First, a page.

The Case for Peace Process Optimism

The Case for Peace Process Optimism
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Steven Rosen

The recent election shifted the balance in Israel’s Knesset significantly. Most elections in Israel, frankly speaking, may change the personalities, but they’re often the same old wine in a new bottle. The basic balance between left and right doesn’t change.

In recent years, the Knesset has had majorities of the right and ultra-Orthodox bloc. But actually, the most recent election changed that. There was a net shift of seats from right to left. This new Knesset has nearly exactly a 50-50 split between left and right.

Prime Minister Binyamin Netanyahu has formed a new government that’s a very different fish than the one it’s replacing.

The Netanyahu Government from 2009 to 2012 was more conservative than the government that Menachem Begin headed, it was more conservative than the government that Yitzhak Shamir headed, it was more conservative than the government that Ariel Sharon headed.

And it had difficult relations – it’s no secret – not only with President Obama but with the Europeans and others, including the Australian government.

And, I must tell you that I have a different take on Bibi Netanyahu than other people. [While] I don’t claim to be his best friend, I have a feel for this guy.

Netanyahu has had one central purpose in his career, from the time he was very young – anchoring Israel in the Western family of nations. So I assert that the last four years have been painful for Netanyahu.

I don’t think Netanyahu actually wanted the government he had from 2009 to 2012. When he formed his government in 2009, he reached out first and foremost to Tzipi Livni, who was the head of Kadima, and he asked her to join him and form a government that the Europeans would call a “grand coalition” between left and right.

As it happened, the negotiations with Livni didn’t work out, and he ended up forming the only other government that could be formed, which was a hard right government. But I assert to you that wasn’t actually what he wanted.

The new government is of the right and centre-left. It’s a government where Netanyahu’s biggest partner is Yair Lapid, who is definitely a centre-left guy. Tzipi Livni, who now heads a much smaller party, has been given responsibility for negotiations with the Palestinians.

There will also be right-wing parties in the government. But it will be a right and centre-left government and a different creature than the one that it’s replacing. This fact has not escaped the notice of the Obama Administration.

I think the world is headed towards a surprise. I think the United States and Israel are converging on a fresh initiative towards the Palestinians. I don’t think this is merely being imposed on Netanyahu from the outside – I think this is what he wants.

Why would Netanyahu want negotiations with the Palestinians? Has he suddenly become a woolly-eyed liberal?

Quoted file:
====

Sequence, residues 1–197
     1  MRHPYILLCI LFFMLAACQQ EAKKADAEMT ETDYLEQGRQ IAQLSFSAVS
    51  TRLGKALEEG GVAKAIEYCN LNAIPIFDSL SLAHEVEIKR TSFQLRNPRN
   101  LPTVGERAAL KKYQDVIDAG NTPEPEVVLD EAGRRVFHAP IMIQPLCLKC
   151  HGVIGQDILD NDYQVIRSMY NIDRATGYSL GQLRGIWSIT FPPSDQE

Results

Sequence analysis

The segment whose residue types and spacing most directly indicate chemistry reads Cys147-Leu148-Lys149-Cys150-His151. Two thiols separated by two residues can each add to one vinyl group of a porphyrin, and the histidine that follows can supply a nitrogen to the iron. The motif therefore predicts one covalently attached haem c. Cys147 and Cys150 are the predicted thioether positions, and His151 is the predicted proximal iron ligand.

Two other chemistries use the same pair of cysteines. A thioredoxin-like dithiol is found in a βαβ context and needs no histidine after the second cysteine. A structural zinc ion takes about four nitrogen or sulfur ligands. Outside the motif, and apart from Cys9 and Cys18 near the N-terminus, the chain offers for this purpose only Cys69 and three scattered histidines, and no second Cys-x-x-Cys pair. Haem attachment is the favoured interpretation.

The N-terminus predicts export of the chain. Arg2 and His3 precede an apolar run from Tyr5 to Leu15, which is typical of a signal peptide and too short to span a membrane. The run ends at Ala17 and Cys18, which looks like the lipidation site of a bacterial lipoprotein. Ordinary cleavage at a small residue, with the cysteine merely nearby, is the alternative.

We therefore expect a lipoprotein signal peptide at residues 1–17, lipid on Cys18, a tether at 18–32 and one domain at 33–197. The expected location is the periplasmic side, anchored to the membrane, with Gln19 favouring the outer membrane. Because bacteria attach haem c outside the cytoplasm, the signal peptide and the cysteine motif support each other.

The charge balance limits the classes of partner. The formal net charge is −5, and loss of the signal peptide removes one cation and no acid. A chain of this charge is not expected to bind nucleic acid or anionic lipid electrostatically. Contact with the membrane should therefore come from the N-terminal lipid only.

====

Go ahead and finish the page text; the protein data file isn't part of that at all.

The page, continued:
No. It’s because he doesn’t believe that the unstable situation that exists today between the Israelis and Palestinians can go on forever and he also doesn’t believe that the right wing – especially not himself – will be in control of Israel forever. He believes that one of these woolly-eyed liberals of one of Israel’s parties to the left will sooner or later win an election and they will sooner or later sign a peace agreement that will be unsafe for Israel. He believes that they have naïve ideas about peace and they will sign a piece of paper and put Israel in great danger. And as a result he believes that there has to be a stabilisation of Israel’s relationship with the Palestinians and only he can be trusted to sign that piece of paper – because he understands what kind of peace agreement will be safe and what kind of peace agreement will be dangerous.

President Obama also has come to some realistic conclusions. There is a new peace team around Obama. They are coming around to the idea that the Oslo dream of one big grand bargain in which Israelis and Palestinians sit down and solve every problem is not going to happen. This is partly because of all the distrust, and partly because each side would have to make compromises on impossible issues.

In the case of the Palestinians, they would have to sign away the right of return. For them, the individual that signed that piece of paper that says we are not going back to our homes in Jaffa or Haifa is a traitor to the most sacred values of the Palestinian people.

For Israel, to be the Prime Minister who divides Jerusalem, who gives away the biblical lands of Judea and Samaria, is just too big a bite to swallow.

But there is something we can do. It’s called an interim Palestinian state with temporary borders. It’s a partial agreement, it’s a phased approach, in which, it’s true, you don’t end the conflict by resolving all differences, but it’s also true that neither side has to give away its most sacred values. As a matter of fact the two sides already agreed to it in the 2003 Road Map. So the notion of an interim Palestinian state with temporary borders is already accepted at a conceptual, general principle level.

I have three predictions. First, that there’s going to be a resumption of Israeli-Palestinian negotiations – not right away, but over a period of time. Second, that these negotiations are not going to focus on the comprehensive solution to the conflict or accord but on an interim Palestinian state with temporary borders, and third that this is what Netanyahu wants, and he’s going to lead the way.

Dr. Steve Rosen is Director of the Middle East Forum’s Washington Project, and previously served as director of foreign policy issues for the American Israel Public Affairs Committee from 1982-2005. He recently visited Australia as a guest of AIJAC. The above is a rapporteur’s summary of remarks by Dr. Rosen in Melbourne on March 15 prepared by Ahron Shapiro.